Comic strips, intrinsically fascinating, raise as-yet-little-discussed problems of great interest; analysis of comics suggests novel ways of understanding the history of visual art. Philosophers dealing with visual art very naturally focus their attention on theory-bound works-on old-master art that has subtle iconography and on modernist artifacts that exist as art only in relation to discourse about theory. Comics, by contrast, are like pop music-an art form almost all of us understand without any need for theorizing. The great discovery of high art was that it was possible to narrate highly complex scenes without any appeal to words. The equally surprising discovery of the comics was that it is possible to deploy many different kinds of verbal information within storytelling visual images. Although this book focuses on comics, the argument is of broader relevance. McCloud's positively Gombrichian willingness to appeal to experimental evidence should be suggestive to historians of art and philosophers interested in the nature of perception.

Aestheticians and art historians have justifiably devoted a great deal of attention to visual representation. Until we understand the different ways in which Giotto and Raphael depict textures, Ruisdael and Constable show clouds, and Poussin and Caravaggio express emotion, we are hardly able to understand how we respond to their pictures. With comics, similarly, until we properly grasp how their particular combination of words and pictures functions, how can we evaluate them critically (and politically) or understand their relation to high art? My goal is Gombrich's "finding out what role the image may play in the household of our mind."1 Film studies have become an important academic concern. It is very odd that, by contrast, the comics have attracted so little academic attention, for they have a much larger audience and raise problems as interesting as paintings.2

Comics have not been properly understood by aestheticians, because as yet the essential philosophical issues they deal with have not been identified. Everyone acknowledges that Poussin's paintings deserve philosophically informed commentary. But slight popular images, art that everyone understands without need of any explanation, could they also deserve the attention of philosophers? Modern philosophy owes much to the close study of humble examples-to Jean-Paul Sartre's and Maurice Merleau Ponty's phenomenological studies of desire, John Austin's account of ordinary language, Ludwig Wittgenstein's analysis of games, and G. E. M. Anscombe's account of intention. What remains unachieved is a proper understanding of the implications of these concerns for aesthetics. Much of this book was written with Arthur C. Danto's Connections to the World: The Basic Concepts of Philosophy on one side of my powerbook and the various histories of comics on the other.3 Adapting the exemplary structure of Danto's Jean-Paul Sartre, each chapter here has two titles, one relating to comics, the other alluding to related issues from within philosophy. My dual concerns, art-historical and philosophical, thus run through the entire book. Appeal to these philosophical concerns is not a merely literary embellishment of my commentary. To understand comics properly, I am arguing, we must identify the conceptual issues posed by their definition and interpretation.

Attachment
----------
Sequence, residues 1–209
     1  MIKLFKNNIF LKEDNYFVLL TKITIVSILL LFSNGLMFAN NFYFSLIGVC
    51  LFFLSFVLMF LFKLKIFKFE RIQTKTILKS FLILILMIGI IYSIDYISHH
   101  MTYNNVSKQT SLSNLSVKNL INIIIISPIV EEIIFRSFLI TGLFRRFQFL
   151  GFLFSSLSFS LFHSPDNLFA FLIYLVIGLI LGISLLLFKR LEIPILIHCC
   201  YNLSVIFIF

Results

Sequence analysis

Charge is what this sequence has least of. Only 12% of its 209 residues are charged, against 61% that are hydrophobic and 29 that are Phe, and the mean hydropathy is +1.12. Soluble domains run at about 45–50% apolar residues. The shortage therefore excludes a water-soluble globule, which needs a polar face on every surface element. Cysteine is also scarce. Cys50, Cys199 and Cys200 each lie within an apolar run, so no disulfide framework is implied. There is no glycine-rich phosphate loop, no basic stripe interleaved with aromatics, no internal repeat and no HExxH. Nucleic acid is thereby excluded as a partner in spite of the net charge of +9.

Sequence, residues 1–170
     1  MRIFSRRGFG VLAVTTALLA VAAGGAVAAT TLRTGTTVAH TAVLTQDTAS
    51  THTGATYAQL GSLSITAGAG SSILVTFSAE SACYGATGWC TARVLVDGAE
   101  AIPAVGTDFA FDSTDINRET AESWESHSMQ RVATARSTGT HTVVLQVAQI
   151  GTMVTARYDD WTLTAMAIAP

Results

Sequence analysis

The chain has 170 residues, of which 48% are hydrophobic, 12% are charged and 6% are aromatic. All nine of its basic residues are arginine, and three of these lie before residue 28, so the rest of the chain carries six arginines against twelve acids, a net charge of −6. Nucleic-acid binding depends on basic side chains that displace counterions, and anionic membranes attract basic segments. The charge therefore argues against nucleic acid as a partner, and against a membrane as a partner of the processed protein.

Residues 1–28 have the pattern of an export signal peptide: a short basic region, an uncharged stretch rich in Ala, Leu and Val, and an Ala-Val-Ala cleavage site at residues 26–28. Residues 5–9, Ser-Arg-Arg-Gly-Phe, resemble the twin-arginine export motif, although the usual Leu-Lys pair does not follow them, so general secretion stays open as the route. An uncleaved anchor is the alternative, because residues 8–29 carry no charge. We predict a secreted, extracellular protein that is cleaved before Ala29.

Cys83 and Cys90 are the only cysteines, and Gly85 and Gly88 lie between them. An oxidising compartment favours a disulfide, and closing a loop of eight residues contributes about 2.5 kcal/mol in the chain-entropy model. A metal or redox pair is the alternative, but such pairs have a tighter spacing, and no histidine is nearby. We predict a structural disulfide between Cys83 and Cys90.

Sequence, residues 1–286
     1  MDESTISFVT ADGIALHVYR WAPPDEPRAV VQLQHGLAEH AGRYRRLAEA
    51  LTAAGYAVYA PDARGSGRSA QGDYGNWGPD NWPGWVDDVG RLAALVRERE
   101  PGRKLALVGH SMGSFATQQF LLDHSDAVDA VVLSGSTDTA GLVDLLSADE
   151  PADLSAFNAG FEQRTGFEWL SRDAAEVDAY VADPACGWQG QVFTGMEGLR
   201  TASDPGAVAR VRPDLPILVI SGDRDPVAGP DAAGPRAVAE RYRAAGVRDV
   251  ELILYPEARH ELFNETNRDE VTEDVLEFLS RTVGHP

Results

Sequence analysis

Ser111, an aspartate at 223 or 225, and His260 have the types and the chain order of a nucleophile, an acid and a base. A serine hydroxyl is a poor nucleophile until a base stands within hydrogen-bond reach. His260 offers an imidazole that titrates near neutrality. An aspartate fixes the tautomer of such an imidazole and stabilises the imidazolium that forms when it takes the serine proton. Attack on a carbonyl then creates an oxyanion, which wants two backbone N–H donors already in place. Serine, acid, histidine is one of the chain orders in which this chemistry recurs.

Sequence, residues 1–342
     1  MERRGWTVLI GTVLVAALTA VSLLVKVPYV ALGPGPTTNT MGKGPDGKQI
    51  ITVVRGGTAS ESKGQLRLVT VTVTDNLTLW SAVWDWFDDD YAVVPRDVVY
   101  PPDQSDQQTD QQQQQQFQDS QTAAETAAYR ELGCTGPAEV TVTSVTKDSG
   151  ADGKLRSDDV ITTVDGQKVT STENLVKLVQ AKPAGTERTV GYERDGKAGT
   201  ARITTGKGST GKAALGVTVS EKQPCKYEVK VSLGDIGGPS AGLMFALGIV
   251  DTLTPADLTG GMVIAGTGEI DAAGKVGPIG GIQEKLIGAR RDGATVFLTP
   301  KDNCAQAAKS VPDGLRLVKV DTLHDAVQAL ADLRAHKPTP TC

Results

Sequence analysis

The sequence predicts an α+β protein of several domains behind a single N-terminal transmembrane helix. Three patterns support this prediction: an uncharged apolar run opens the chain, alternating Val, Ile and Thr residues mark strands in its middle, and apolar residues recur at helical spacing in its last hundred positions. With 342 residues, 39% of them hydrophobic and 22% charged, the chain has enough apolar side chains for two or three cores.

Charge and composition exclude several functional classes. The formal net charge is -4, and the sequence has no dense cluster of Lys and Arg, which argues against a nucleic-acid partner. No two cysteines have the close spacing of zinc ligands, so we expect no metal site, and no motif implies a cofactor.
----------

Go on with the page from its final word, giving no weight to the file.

What is a comic? The answer to this question determines the shape of analysis and so also its starting point. Sequences of closely linked images are one essential element-Kunzle makes this the defining element of the comic strip: "(1) There must be a sequence of separate images; (2) There must be a preponderance of image over text; (3) The medium... must be... a mass medium; (4) The sequence must tell a story which is both moral and topical." The speech balloon, he argues, is not "a definitive ingredient of the comic strip."4 Indeed, only occasionally in the examples from 1450 to 1825 assembled in his first volume do we find balloons. Rodoiphe Topifer, whose 1830s strips have a central place in Kunzle's second volume, does not use speech balloons; his stories contain so much writing that they are illustrated novellas. I admire Kunzle, a bold original scholar, for gathering these materials, without which my own philosophical study could not have been conceived. My difference here with him involves no disagreement about the historical facts but only a question of focus. Defining the comic strip as a narrative sequence with speech balloons, I believe that the examples in both of his books belong to the prehistory of comics, which emerge as a populist art form only around 1890. Most late Victorian visual narratives, stories told in a small number of pictures in narrative sequence, do not make systematic use of speech balloons as do true comics.5 What Kunzle presents mostly are image sequences accompanied with words; the full integration of words into pictures in the speech balloon creates a new art, which raises novel aesthetic problems.